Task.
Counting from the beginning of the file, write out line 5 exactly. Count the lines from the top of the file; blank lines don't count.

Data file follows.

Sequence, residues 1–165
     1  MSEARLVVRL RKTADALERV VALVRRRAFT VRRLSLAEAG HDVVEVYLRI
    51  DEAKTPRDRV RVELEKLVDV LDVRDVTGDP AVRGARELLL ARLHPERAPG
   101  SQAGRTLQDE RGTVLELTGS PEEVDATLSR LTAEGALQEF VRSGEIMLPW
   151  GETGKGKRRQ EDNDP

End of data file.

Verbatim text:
   151  GETGKGKRRQ EDNDP